dated April 22, 2004, the April 27, 2004, filing contains a certificate of service stating

counsel for Respondents placed the filing “in the United States Mail, first class, postage

prepaid, this 22nd day of April, 2004[,]”18 and the envelope containing the April 27,

2004, filing is postmarked April 22, 2004, 1 day prior to the date Complainant filed the

Amended Complaint and 8 days prior to the date the Hearing Clerk served Respondents

with the Amended Complaint. Based on the record before me, I find Respondents’

17
See note 5.
18
Answer at second unnumbered page.
13

April 27, 2004, filing is an answer filed in response to the Complaint and Complainant’s

operative pleading is the Amended Complaint. Therefore, I find Respondents’ reliance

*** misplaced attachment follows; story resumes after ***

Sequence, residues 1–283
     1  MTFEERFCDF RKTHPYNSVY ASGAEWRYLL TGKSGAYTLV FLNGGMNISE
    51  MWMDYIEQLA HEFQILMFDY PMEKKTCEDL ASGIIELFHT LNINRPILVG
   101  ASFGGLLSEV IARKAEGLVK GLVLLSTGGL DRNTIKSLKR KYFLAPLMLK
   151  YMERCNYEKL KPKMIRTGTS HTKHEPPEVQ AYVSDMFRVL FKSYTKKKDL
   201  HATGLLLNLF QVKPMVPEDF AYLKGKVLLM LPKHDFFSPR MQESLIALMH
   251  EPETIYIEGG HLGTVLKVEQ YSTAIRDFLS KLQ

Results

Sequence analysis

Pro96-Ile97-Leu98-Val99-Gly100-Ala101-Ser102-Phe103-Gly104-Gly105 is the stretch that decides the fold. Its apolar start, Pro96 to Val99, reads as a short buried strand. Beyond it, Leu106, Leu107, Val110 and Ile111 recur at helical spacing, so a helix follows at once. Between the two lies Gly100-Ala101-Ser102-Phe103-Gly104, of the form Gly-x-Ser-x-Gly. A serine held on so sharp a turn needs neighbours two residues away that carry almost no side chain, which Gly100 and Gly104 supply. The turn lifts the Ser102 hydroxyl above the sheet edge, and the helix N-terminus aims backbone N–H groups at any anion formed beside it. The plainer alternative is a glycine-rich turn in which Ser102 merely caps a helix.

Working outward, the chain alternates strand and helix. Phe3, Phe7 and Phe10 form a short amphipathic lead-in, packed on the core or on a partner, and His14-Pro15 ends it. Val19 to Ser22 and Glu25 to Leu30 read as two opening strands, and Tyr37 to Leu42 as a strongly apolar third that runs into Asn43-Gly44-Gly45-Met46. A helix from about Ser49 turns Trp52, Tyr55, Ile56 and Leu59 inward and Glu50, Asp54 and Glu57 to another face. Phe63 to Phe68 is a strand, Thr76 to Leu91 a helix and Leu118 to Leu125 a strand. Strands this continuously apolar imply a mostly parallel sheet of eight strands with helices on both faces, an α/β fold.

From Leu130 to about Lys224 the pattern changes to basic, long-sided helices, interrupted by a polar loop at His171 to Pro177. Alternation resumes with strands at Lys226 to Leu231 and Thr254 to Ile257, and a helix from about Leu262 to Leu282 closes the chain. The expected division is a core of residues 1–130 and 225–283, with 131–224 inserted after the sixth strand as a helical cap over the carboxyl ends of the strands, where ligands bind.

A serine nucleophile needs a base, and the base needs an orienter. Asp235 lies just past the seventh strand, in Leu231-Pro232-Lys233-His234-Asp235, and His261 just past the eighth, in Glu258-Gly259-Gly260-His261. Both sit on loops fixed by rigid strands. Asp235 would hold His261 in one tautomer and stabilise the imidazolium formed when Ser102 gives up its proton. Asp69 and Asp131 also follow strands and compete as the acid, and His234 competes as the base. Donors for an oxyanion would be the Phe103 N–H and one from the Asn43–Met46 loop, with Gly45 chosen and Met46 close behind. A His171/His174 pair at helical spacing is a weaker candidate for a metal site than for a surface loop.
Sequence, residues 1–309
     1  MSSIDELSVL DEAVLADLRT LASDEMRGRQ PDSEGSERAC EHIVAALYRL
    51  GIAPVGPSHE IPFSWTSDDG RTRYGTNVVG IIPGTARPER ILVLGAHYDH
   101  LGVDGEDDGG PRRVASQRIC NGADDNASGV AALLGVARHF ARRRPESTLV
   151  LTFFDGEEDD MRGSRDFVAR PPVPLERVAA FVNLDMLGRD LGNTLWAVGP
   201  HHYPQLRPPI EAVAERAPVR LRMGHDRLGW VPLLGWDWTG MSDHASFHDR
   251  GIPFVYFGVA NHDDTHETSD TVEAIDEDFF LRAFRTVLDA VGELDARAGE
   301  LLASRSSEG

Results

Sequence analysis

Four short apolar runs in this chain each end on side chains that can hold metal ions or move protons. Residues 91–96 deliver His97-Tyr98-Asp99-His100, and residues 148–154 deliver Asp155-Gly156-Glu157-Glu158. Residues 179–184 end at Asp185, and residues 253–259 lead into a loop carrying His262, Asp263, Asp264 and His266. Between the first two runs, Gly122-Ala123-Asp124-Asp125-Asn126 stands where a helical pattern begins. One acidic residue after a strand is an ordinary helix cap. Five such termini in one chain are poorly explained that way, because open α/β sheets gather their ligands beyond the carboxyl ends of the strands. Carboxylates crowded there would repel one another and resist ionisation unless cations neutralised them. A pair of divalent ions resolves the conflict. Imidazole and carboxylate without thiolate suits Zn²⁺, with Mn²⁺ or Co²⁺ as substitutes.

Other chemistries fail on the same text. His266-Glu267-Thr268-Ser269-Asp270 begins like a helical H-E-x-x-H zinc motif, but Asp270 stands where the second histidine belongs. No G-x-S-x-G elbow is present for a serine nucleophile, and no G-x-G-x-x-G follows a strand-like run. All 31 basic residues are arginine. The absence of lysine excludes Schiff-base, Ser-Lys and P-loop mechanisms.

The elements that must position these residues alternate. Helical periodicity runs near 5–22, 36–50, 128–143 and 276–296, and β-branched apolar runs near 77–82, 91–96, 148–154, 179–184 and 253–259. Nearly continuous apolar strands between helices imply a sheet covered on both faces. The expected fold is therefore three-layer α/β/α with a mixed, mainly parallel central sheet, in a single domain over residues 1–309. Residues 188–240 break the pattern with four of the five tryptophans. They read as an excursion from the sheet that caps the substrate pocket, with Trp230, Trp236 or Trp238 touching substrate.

on the Hearing Clerk’ s April 27, 2004, mischaracterization of Respondents’ April 27,

2004, filing, misplaced.

Fifth, Respondents, relying on Kreider Dairy Farms, Inc. v. Glickman, 1998 WL

481926 (E.D. Pa. Aug. 10, 1998), printed in 57 Agric. Dec. 857; In re Karl Mitchell,

60 Agric. Dec. 91 (2001); In re Spring Valley Meats, Inc. (Decision as to Charles

Contris), 56 Agric. Dec. 1731 (1997); and In re Jerald Brown, 54 Agric. Dec. 537 (1995),

contend the Judicial Officer erroneously used formalities and clerical errors to default

Respondents, which practice is contrary to United States Department of Agriculture “case

law” (Respondents’ Motion to Reconsider at 2, 8-9).

I disagree with Respondents’ contention that filing a timely response to an

amended complaint is a mere formality. The Rules of Practice state the time within

which an answer must be filed and provide the failure to file a timely answer shall be

deemed an admission of the allegations in the complaint and a waiver of hearing.19